1. Did you participate genuinely and to the best of your ability in the team process?

If yes, they passed my evaluation with flying colours.

Cheers,
-- Stephen.

====================================
Stephen Bounds
Director & Principal Consultant
knowquestion Pty Ltd
E: sb@...
M: 0401 829 096
====================================
On 9/11/2017 2:05 AM, Albert Simard albert.simard@... [sikmleaders] wrote:

The challenge, as I see it, is that HR must be able to demonstrate thateveryone is treated exactly the same and by the book. There are not inconsequential legal iplications for failing to do so. And the laws are sufficiently complicaged that it requires specialists to know them. This, in turn, requires that everythiong that HR does must be reducible to documentation. There must be forms with everything spelled out, starting with recruiting posters, through position descriptions and performance evaluations to termination procedures. Even the vocabularyis carefully controlled.


I learned this the hard way when Ionce rated an employee whose productivity wasless than half of the project averageone notch below "fullysatisfactory." The amount of effortand paperwork related to that individualthat ensued during the following year was simply not worth the effort.


HR is not (and cannot be)well suited to addresing behavioural or social isues which are at the heart of what KM needs to function sucessfully. Behaviors such as sharing and collaborationare softer and fuzzier andmuch more dificult to document and measure. All-important positive or negative atitudes are difficult to quantify. "You know it when you see it" won't stand up in court! You can document that someone participated in an activitybut not so muchwhether theyhelpedor hindered the work of a group.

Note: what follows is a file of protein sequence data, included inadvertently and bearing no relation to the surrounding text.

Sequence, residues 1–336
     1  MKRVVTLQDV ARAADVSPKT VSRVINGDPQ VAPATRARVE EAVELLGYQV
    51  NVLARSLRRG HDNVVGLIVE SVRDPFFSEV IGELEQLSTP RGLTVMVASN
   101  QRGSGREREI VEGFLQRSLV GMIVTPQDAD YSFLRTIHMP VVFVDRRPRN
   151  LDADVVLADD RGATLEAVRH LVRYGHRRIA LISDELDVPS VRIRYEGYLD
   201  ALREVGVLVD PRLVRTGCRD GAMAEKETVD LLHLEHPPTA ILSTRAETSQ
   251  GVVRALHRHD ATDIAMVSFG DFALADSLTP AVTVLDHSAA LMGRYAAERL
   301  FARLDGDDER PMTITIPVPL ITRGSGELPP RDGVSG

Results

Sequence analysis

This is why I contend that desirableKM behavior rests squarely in the realm of leadership and culture - not HR. Does this mean that we should give up trying to enhance KM behaviour? Absoltely not! But taking action requires that we firstunderstand relationships between KM, social context,and social interaction. To that end, I recently put together a framework that integratres the three processes in a way that enbles idenfyingkey issues and appropriate management actions. Although it is only a start, it is a step forward.



Soha Radwan
 

Thanks a lot Albert. And looking forward to knowing more about the framework you put.

Meanwhile I am still struggling to give the HR an exact number of hours per year for each KM activity, and  struggling more in trying to convince them to at least go by work days not working hours. Honestly the point is not only about the calculation, but it is more about explaining the reason behind time taken in many activities which can not be " reducible into documentation" as you said it.